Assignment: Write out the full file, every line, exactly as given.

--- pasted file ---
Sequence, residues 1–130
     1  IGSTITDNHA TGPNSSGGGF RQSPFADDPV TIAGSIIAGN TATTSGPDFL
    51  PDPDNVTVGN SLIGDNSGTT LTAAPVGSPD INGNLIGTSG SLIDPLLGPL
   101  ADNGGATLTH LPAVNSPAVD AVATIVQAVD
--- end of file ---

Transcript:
Sequence, residues 1–130
     1  IGSTITDNHA TGPNSSGGGF RQSPFADDPV TIAGSIIAGN TATTSGPDFL
    51  PDPDNVTVGN SLIGDNSGTT LTAAPVGSPD INGNLIGTSG SLIDPLLGPL
   101  ADNGGATLTH LPAVNSPAVD AVATIVQAVD